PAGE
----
This completely changes the dynamics of application security testing. Instead of a flood of vague recommendations saying “this bit could be insecure, you may want to take a look,” developers get factual, actionable tickets in their favorite issue tracker. Instead of rewriting code to make the alert go away, they know that they are fixing a specific and exploitable vulnerability that malicious actors could use to attack the application. That way, the extra work done on security issues makes a real and measurable difference to your overall security posture.

Reducing and avoiding security debt

The idea of technical debt is well-known in the development world. You might have lots of code that depends on an outdated library, but the old library is still good enough. Updating all that code would mean lots of extra work and testing, so it always gets put off for later in favor of more urgent and valuable projects. This technical debt often accumulates until something breaks, and then you fix it because you really have to. Now apply this exact same concept to security, replacing “until something breaks” with “until you have a breach” – and you have your security debt.

For application security, this debt can accumulate on many levels, from using known vulnerable components to treating your web application firewall (WAF) as a long-term solution rather than a band-aid until a vulnerability fix is ready. You might even get recurring debt, where the same types of vulnerabilities keep coming up over and over again due to poor coding practices or insufficient remediation guidance. All this adds up until many organizations give up on systematically securing all their applications because no matter what they do, their security backlog keeps growing.

The only way to deal with security debt is to resolve security issues as you go rather than sweeping them under the carpet. To get there, you need to give your developers the tools and processes to fix vulnerabilities quickly and permanently. This is where the value of a DAST-centric shift-left program with a proof-based approach becomes evident. Focusing on actual weaknesses that could be exploited by attackers helps you continuously improve security and coding practices to prevent security issues from piling up.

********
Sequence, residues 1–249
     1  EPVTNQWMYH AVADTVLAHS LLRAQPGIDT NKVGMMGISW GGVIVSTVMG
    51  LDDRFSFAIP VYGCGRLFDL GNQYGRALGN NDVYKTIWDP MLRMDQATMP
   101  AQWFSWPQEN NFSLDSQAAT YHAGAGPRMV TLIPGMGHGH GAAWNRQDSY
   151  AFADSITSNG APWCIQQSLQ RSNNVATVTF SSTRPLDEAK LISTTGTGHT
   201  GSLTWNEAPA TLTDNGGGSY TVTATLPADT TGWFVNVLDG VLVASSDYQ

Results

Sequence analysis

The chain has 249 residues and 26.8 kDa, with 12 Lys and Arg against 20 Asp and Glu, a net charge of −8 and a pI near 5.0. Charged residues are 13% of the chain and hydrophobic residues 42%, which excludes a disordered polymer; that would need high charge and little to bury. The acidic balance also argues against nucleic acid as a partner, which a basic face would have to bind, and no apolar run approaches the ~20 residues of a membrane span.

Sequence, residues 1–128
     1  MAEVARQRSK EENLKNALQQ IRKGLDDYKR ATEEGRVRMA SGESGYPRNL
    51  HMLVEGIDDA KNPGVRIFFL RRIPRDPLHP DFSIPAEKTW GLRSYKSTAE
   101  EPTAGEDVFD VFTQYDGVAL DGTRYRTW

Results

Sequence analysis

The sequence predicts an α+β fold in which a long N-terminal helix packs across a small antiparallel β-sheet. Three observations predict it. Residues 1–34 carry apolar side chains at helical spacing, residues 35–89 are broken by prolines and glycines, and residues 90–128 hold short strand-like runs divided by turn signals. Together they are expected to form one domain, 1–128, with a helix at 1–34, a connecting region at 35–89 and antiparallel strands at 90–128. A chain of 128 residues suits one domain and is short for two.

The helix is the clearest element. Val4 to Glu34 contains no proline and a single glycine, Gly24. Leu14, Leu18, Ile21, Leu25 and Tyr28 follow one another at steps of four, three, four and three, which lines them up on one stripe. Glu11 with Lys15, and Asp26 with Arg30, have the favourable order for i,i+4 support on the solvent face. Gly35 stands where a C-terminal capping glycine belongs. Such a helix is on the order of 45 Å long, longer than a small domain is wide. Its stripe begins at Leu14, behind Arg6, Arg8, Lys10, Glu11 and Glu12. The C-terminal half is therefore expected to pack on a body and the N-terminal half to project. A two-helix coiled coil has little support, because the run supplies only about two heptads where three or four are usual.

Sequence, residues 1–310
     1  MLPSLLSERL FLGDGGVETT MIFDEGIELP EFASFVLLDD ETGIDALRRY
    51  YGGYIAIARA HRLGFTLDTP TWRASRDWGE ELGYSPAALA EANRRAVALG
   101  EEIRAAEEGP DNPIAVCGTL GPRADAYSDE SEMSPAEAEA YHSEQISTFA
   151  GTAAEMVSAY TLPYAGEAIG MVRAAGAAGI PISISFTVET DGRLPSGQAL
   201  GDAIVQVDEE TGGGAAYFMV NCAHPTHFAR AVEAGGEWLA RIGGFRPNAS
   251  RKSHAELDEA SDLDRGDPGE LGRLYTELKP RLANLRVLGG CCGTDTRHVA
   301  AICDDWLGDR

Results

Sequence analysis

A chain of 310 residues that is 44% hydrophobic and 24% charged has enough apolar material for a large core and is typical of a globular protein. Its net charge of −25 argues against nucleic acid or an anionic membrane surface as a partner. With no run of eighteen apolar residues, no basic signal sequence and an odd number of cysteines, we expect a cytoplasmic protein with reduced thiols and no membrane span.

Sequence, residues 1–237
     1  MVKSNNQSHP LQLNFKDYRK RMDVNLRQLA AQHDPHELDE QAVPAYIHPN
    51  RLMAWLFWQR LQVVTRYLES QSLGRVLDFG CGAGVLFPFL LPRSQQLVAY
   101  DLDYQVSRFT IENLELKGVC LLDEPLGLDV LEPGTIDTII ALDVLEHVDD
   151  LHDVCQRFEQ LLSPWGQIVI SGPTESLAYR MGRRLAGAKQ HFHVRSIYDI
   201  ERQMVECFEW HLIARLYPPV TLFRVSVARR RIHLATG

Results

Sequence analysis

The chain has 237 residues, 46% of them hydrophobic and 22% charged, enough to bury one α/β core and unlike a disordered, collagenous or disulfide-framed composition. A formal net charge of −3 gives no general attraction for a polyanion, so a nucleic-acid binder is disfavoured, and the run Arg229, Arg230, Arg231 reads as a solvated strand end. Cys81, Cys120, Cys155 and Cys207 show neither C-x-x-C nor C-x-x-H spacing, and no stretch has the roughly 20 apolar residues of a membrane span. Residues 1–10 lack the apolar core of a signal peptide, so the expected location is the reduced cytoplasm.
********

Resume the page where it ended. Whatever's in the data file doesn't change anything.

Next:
Security is all about the big picture

Recent high-profile incidents are finally hammering home the message that in modern web security, there’s no such thing as an unimportant application. Attackers can pick their time and place even as the attack surface of applications (and organizations) continues to grow, spanning new and existing code, multiple web technology stacks, open-source libraries, third-party components, and more. To know your true security posture, you need to start with the big picture before drilling into specific vulnerabilities.

Modern vulnerability scanning solutions such as Invicti are highly accurate and can run full scans in a matter of hours and incremental scans in minutes. For existing applications, this allows you to scan your entire environment for vulnerabilities as often as you need – even daily if that’s what your security policy mandates. For security testing in the development pipeline, it means giving rapid and actionable feedback to developers who can then quickly and effectively fix security issues in their own code.

All the time, you have full visibility into your current security posture while also improving your long-term application security. And because you are working with reliable data, your security and development professionals are not wasting time on inefficient communication or misleading results. 

This is shifting left done right.

Zbigniew Banach

About the Author

Zbigniew Banach - Technical Content Lead & Managing Editor

Cybersecurity writer and blog managing editor at Invicti Security. Drawing on years of experience with security, software development, content creation, journalism, and technical translation, he does his best to bring web application security and cybersecurity in general to a wider audience.